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Beyond market behavior: Evolved cognition and folk political economic beliefs

Andrews, Talbot MDelton, Andrew W.  ; New York Vol. 41,  (2018). DOI:10.1017/S0140525X18000262

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In their path-breaking target article, Boyer & Petersen (B&P) lay out a theory of folk-economic beliefs. Primarily, their focus is on prototypical market transactions, linking evolved psychological abilities to beliefs about the processes and outcomes of immense numbers of freely transacting and exchanging people. Within a prototypical economic market, the choices of many anonymous and interchangeable people and firms determine the quantities and prices of goods and services. But the market is not the only mechanism through which resources are allocated. As future researchers build on the target article's insights, we would encourage them to study not just economic beliefs, but also political economic beliefs. Political economy focuses on the logic of group decision-making, power, and authority – notions not captured in the concept of a laissez-faire market (Mueller 2003). When political leaders change regulatory policies or when citizens vote in a referendum to enact a new law, citizens' pocketbooks are affected – though clearly not through the operation of market transactions. Folk political economic beliefs, we propose, can also be understood within B&P's evolutionary–cognitive framework.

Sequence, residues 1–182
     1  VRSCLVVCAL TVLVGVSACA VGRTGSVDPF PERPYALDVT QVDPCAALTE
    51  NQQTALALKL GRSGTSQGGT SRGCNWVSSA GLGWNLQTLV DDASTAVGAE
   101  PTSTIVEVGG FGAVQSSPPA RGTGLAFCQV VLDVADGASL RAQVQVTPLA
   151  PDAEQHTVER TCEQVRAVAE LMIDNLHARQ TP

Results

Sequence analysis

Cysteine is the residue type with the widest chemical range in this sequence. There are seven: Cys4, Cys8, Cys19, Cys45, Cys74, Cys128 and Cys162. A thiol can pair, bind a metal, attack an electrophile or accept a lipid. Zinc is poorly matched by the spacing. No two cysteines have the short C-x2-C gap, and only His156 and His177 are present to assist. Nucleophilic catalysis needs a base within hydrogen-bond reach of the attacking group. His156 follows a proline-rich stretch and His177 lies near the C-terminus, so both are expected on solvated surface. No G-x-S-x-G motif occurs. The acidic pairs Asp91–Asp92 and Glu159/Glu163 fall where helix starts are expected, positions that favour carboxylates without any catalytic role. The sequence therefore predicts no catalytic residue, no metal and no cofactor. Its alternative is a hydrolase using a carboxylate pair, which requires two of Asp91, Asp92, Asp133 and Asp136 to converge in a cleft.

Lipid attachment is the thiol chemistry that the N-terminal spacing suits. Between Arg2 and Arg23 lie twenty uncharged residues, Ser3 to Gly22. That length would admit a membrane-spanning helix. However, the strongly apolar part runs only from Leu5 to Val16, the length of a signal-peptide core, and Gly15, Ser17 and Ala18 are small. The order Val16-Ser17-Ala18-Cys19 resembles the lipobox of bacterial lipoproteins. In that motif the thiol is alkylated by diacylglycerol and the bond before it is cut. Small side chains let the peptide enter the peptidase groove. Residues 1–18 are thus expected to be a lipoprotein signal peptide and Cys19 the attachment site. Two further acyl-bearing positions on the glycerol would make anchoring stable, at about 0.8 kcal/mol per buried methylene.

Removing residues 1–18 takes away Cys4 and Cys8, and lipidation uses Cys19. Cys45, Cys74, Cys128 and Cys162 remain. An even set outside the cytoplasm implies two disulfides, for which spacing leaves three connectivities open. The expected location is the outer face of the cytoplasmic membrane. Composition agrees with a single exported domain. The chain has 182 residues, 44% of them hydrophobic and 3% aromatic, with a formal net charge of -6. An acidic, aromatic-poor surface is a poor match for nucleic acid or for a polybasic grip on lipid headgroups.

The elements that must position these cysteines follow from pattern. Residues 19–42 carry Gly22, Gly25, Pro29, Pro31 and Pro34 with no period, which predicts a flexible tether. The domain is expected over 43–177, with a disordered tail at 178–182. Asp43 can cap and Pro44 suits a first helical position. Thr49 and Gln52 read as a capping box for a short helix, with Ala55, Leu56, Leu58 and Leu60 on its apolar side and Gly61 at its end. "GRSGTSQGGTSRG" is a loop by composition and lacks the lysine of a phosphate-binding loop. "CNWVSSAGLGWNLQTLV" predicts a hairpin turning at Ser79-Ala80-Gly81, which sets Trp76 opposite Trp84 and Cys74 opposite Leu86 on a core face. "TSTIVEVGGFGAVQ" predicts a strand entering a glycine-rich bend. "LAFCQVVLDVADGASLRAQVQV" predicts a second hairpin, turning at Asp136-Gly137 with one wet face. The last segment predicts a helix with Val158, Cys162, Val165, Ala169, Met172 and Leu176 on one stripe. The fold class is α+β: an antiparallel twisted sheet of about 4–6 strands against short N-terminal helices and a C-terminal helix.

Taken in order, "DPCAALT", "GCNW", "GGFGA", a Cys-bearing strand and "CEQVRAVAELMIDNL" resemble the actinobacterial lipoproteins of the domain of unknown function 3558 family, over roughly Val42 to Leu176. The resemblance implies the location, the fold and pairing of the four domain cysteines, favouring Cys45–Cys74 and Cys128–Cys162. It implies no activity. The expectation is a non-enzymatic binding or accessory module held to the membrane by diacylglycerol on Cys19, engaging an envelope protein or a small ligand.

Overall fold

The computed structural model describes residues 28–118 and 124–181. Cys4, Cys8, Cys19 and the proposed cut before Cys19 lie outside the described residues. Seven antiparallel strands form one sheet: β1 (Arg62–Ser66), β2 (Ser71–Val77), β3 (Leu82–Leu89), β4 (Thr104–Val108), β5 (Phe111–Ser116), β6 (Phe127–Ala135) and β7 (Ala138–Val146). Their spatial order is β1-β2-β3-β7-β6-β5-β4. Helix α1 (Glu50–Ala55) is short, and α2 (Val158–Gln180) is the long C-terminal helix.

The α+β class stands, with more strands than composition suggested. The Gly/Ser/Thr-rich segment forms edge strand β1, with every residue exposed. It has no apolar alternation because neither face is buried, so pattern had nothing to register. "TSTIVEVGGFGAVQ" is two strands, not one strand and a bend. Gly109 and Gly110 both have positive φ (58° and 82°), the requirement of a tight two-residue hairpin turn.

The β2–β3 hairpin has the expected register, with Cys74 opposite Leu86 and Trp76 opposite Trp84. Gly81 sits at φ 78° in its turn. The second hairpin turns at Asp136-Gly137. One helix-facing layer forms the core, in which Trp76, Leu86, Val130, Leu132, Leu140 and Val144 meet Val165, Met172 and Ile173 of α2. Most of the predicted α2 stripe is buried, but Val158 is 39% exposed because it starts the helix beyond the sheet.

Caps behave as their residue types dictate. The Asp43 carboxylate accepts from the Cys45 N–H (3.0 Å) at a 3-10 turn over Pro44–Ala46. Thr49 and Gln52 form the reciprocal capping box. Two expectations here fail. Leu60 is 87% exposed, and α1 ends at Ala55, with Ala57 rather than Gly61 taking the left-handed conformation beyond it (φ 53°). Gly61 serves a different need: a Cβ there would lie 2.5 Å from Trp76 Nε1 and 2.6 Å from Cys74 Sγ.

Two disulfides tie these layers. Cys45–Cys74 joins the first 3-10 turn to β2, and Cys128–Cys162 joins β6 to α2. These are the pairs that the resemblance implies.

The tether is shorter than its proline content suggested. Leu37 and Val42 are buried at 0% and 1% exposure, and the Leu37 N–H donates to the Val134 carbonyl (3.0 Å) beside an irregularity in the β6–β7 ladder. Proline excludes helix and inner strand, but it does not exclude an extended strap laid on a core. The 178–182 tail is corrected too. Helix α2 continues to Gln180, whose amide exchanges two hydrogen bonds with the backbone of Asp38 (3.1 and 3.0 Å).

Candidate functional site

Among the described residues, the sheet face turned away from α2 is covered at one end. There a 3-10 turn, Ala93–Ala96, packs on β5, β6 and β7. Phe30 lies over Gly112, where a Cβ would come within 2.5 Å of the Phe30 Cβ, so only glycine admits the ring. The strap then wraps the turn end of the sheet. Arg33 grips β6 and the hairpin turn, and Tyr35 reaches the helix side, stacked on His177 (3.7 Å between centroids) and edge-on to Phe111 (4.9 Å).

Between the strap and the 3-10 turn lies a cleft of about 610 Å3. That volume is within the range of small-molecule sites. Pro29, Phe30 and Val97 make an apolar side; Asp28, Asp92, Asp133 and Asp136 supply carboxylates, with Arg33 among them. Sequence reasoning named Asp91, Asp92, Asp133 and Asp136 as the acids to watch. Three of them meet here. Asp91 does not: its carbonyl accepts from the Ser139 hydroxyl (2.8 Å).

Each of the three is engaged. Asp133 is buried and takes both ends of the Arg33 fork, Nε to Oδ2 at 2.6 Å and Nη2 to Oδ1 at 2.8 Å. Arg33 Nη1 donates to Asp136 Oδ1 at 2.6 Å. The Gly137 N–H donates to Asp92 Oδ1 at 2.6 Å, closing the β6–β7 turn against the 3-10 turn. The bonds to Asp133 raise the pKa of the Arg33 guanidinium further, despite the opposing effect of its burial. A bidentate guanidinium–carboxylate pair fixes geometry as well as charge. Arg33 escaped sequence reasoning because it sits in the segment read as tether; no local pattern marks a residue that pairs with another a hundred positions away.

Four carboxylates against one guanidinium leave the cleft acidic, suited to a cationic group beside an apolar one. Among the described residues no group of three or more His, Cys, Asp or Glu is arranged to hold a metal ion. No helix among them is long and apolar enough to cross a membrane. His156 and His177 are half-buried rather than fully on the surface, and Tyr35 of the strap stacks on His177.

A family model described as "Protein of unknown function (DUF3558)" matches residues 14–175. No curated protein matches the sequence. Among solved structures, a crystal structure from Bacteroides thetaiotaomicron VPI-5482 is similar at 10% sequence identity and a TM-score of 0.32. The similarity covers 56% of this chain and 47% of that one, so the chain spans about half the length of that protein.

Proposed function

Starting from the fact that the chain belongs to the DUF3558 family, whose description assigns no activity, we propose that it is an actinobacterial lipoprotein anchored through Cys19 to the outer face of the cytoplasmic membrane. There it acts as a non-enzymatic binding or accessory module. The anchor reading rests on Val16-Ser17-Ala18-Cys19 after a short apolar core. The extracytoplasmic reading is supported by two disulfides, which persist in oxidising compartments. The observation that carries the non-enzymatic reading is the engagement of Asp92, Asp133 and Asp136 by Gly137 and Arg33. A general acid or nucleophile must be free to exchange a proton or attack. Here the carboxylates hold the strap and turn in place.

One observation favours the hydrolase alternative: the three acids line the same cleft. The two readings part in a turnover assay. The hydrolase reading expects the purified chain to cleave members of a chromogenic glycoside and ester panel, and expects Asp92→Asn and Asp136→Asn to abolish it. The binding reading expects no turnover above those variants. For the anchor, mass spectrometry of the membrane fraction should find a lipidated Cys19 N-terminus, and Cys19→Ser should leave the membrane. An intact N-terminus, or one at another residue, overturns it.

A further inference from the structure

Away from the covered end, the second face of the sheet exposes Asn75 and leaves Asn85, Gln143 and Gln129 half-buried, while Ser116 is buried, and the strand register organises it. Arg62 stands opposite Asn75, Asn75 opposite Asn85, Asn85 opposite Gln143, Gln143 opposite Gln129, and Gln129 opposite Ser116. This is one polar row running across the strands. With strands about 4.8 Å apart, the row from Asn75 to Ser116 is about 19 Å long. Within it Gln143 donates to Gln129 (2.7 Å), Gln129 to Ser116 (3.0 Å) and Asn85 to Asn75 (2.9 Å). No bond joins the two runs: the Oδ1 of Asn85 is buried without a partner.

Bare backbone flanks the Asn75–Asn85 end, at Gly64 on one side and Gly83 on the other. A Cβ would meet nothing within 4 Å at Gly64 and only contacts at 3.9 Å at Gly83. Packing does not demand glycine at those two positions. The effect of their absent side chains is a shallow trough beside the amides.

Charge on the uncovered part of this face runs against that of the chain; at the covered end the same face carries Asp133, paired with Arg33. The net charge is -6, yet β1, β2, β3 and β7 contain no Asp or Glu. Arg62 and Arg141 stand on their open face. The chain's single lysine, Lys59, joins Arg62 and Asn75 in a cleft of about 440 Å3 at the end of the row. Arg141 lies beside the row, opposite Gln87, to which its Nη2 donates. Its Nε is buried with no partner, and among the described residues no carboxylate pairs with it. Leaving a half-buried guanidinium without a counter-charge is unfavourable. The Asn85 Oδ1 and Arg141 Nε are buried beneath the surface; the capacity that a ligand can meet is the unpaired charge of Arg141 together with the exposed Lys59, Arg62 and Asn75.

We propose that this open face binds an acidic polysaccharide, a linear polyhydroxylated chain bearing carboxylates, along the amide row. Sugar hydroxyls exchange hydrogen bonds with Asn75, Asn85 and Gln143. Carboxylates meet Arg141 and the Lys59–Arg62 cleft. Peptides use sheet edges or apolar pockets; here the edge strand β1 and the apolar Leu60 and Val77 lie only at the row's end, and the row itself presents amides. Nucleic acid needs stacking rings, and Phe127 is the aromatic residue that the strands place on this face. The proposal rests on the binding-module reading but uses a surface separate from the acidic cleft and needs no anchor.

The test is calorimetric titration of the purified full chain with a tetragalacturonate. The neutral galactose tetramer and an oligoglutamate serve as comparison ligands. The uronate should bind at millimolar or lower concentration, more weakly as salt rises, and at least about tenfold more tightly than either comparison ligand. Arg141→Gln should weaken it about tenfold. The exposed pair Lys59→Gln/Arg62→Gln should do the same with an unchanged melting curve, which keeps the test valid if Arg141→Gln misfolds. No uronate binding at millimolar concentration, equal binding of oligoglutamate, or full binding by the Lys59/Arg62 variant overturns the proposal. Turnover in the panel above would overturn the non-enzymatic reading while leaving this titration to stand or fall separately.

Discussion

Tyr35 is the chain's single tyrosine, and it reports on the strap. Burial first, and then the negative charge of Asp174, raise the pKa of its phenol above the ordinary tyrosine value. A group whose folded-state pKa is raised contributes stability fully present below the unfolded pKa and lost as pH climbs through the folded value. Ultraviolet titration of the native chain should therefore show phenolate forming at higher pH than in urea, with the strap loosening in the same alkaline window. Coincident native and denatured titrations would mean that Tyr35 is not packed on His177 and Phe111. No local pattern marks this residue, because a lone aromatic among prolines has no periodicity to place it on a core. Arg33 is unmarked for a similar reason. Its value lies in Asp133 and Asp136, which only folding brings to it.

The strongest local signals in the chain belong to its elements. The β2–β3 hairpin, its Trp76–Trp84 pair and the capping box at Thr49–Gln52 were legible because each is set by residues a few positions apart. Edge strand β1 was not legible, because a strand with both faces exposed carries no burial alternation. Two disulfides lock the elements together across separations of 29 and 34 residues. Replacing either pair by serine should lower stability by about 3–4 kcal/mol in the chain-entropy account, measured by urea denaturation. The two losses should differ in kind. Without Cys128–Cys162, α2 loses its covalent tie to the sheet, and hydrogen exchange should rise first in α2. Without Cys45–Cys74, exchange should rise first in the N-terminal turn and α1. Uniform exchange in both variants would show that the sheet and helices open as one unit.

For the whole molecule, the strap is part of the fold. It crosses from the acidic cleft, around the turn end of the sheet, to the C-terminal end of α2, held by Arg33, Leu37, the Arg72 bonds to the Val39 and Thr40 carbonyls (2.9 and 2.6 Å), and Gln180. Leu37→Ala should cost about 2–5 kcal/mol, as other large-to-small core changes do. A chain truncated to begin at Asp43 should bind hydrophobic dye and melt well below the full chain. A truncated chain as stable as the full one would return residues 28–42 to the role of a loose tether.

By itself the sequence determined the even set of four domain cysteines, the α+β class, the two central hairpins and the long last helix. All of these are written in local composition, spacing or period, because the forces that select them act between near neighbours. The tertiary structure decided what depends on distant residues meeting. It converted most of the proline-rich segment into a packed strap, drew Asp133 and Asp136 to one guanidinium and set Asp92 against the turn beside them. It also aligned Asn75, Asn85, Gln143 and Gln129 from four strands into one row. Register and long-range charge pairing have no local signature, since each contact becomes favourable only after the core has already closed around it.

Take, for example, their own discussion of emporiophobia. Just as humans are not adapted to large-scale transaction markets, they are not adapted to large-scale decentralized political systems. Unlike in small hunter-gatherer societies, where leaders are typically known directly by their subordinates, in modern nation states reliable data about potential leaders is difficult to find. Furthermore, citizens receive little usable feedback on whether or not their judgments are right (Kuklinski & Quirk 2000). Often this means citizens rely on cues that are inappropriate in the modern environment when selecting candidates, such as cues of physical strength (Riggio & Riggio 2010). Like agents in the free market, policy makers in the modern environment are impersonal and difficult to identify, as they act as individuals nested within legislative bodies and bureaucracies. These...